Looking into the company's debt closer, it should be noted that its short-term assets are not sufficient to cover its short-term or long-term liabilities. A company needs to cover short-term liabilities in order to avoid bankruptcy. The company can do this by either borrowing money or by using its cash reserves, of which BCE has USD$289M in reserves, so this is not a cause for concern.
I noted earlier in my analysis that the new dividend could be unsustainable for the company to manage without eating into its cash reserves. Note that analysts' consensus forecasts for the company's EPS are set to be 14.5% for this year alone. Tools estimating the coverage ratio for the dividend put it at 102%, which means that the company may need to start dipping into its balance sheet in order to pay out the dividends to investors.
BCE has a P/E ratio of 21.5. With this valuation in mind, it sits in the 92% percentile of companies in the Communication Services sector. This could be interpreted as the company is expensive relative to its peers, or that the market believes that the company deserves a higher ratio due to its attractive growth prospects.
My interpretation of the company's P/E ratio is that it has earned its place here as a stable and growing company with growth across all of its industry segments and is now offering a higher dividend to compensate investors even more.
I don't see the company's P/E ratio as expensive, but rather it is a good opportunity for investors to hop on to a historically strong performer that provides shelter against the macroeconomic turbulence we've been witnessing.
Even if a recession does hit, BCE provides essential communication services that businesses and consumers cannot really live without, which makes it a solid defensive investment for investors of different risk appetites.
In my view, one of the main risks that BCE faces comes from the swathes of competitors. Telecommunication products have only minor differentiation from provider to provider. Price wars can easily flare up to diminish market share and eat away at profitability. Although the company isn't experiencing these issues at present, they should be accounted for by investors in the future.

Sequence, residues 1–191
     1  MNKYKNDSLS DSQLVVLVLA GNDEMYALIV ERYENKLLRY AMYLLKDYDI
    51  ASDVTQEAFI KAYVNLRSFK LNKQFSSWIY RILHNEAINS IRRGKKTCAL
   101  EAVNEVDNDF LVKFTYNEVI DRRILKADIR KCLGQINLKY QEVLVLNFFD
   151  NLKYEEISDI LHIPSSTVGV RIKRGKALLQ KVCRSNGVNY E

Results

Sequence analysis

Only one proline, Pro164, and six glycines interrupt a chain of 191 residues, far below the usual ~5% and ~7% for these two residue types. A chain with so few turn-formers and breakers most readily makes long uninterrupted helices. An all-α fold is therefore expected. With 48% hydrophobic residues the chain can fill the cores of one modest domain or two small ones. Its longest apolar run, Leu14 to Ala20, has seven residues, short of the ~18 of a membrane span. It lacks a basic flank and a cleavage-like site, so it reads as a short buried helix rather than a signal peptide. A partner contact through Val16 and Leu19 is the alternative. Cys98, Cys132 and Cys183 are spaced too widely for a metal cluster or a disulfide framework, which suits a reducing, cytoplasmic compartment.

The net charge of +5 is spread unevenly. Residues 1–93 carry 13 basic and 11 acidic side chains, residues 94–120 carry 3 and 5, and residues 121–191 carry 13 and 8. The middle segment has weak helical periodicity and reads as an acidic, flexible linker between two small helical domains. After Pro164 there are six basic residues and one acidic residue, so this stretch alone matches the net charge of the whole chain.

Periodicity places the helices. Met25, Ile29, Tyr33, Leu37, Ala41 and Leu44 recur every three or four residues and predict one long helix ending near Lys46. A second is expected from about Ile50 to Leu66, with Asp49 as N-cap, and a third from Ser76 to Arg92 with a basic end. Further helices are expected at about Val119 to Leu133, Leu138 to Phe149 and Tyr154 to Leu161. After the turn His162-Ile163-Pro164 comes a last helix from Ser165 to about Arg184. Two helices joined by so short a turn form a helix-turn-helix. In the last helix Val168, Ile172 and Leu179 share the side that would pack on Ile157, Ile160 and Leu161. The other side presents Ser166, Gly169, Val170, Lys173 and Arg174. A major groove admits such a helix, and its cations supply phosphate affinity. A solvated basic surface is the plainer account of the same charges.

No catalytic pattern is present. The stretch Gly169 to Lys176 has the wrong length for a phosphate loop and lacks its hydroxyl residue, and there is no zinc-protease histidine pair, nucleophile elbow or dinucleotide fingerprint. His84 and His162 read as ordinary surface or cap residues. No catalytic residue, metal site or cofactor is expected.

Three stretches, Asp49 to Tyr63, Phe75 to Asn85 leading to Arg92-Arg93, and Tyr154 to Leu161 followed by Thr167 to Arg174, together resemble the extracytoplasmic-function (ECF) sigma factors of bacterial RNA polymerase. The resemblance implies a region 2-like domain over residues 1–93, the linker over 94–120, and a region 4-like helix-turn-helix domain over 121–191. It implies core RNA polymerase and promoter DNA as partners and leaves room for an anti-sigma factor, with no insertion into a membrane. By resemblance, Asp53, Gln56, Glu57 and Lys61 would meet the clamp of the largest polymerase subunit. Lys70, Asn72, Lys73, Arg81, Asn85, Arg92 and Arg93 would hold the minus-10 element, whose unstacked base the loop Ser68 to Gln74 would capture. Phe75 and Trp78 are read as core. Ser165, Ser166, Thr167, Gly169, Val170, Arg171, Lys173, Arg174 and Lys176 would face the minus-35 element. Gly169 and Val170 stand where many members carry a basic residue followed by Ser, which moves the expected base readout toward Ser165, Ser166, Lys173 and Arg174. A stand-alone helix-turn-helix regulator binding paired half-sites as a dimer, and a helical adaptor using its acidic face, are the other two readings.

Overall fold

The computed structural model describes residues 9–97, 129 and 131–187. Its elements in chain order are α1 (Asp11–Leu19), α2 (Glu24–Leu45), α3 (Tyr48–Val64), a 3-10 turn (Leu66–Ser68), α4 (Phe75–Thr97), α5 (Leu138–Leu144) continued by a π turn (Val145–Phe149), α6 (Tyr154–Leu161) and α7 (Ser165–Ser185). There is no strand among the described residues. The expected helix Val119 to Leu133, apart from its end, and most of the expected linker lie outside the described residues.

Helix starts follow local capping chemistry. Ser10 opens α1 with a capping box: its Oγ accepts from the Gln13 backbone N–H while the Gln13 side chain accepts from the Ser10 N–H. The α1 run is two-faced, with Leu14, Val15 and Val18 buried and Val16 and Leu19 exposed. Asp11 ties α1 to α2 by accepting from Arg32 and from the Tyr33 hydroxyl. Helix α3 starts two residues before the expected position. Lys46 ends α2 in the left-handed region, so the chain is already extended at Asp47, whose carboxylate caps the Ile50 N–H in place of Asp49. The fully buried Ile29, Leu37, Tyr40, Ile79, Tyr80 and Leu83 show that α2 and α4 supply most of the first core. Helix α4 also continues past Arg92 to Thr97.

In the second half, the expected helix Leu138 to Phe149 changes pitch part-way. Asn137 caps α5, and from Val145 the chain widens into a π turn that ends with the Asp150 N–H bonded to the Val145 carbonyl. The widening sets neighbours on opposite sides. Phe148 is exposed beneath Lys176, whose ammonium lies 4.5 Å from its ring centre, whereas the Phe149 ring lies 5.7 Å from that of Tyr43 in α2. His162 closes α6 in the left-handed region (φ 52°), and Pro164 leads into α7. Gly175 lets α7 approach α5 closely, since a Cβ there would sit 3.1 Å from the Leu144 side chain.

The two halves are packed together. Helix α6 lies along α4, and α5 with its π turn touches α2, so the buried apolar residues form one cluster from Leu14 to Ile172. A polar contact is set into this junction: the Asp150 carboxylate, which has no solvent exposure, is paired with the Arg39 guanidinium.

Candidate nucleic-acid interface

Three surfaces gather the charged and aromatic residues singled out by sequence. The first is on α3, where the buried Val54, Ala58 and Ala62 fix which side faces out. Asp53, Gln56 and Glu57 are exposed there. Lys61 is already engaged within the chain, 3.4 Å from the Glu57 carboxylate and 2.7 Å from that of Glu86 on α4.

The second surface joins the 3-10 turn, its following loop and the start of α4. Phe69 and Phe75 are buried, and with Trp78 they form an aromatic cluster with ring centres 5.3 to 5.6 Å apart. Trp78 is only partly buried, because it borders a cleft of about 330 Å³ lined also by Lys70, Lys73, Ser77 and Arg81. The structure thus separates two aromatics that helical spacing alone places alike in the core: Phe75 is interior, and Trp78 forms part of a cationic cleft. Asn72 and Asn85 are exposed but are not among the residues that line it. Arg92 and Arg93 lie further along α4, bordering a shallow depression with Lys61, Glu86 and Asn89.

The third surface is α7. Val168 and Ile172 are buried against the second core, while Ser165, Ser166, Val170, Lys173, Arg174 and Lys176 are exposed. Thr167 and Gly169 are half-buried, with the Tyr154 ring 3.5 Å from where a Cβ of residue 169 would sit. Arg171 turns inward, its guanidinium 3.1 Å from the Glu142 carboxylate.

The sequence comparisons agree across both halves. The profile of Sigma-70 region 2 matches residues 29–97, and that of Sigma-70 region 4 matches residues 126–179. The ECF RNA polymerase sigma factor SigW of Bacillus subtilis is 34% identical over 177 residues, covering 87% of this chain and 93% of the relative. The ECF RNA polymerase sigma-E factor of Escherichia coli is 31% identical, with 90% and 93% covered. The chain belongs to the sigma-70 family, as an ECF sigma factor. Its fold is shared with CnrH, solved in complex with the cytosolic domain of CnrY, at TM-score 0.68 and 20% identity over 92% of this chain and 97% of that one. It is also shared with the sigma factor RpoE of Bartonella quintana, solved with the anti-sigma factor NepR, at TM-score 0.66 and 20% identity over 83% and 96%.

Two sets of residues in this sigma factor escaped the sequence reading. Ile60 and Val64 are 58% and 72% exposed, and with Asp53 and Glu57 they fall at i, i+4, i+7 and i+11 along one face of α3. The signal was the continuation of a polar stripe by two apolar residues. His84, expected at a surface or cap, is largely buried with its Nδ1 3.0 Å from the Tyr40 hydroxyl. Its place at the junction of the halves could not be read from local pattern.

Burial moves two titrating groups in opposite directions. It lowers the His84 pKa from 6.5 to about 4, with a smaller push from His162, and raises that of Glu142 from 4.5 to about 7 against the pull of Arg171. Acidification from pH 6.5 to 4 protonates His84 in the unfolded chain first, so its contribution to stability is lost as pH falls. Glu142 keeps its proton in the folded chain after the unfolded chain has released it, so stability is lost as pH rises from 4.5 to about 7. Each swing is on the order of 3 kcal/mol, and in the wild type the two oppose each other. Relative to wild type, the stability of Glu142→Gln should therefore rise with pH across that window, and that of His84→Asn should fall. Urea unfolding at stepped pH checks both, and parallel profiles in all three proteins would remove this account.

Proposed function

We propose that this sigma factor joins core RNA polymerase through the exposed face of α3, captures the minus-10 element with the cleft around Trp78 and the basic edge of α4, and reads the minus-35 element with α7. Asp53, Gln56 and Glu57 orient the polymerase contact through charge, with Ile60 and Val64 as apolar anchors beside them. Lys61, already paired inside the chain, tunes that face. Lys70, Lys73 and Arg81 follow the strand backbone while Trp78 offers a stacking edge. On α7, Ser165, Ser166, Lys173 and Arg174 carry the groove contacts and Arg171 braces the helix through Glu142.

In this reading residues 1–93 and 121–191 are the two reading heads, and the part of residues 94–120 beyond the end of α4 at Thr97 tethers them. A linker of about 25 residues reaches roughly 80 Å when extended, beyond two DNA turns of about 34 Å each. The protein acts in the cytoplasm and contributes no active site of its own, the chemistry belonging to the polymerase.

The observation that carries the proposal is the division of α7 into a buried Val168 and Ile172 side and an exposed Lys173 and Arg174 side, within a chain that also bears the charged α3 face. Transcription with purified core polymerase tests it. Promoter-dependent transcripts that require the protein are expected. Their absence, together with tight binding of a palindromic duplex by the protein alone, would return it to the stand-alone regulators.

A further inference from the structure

Another risk is the speed at which telecommunications is changing. The company has a risk of not keeping on top of what's happening in their industry, and blunders in predicting where the market is heading have historically led to numerous businesses of this type going out of business.
If investors want to pick up an investment to shield their portfolio against the fear and volatility in the market, then one should consider buying BCE. It has solid revenue growth, a fair valuation, and high expected revenues for the future. I recommend this stock for both growth and value-minded investors as the stock still has plenty of upsides while also being a consistent earner.
This article was written by
Disclosure: I/we have no stock, option or similar derivative position in any of the companies mentioned, and no plans to initiate any such positions within the next 72 hours. I wrote this article myself, and it expresses my own opinions. I am not receiving compensation for it (other than from Seeking Alpha). I have no business relationship with any company whose stock is mentioned in this article.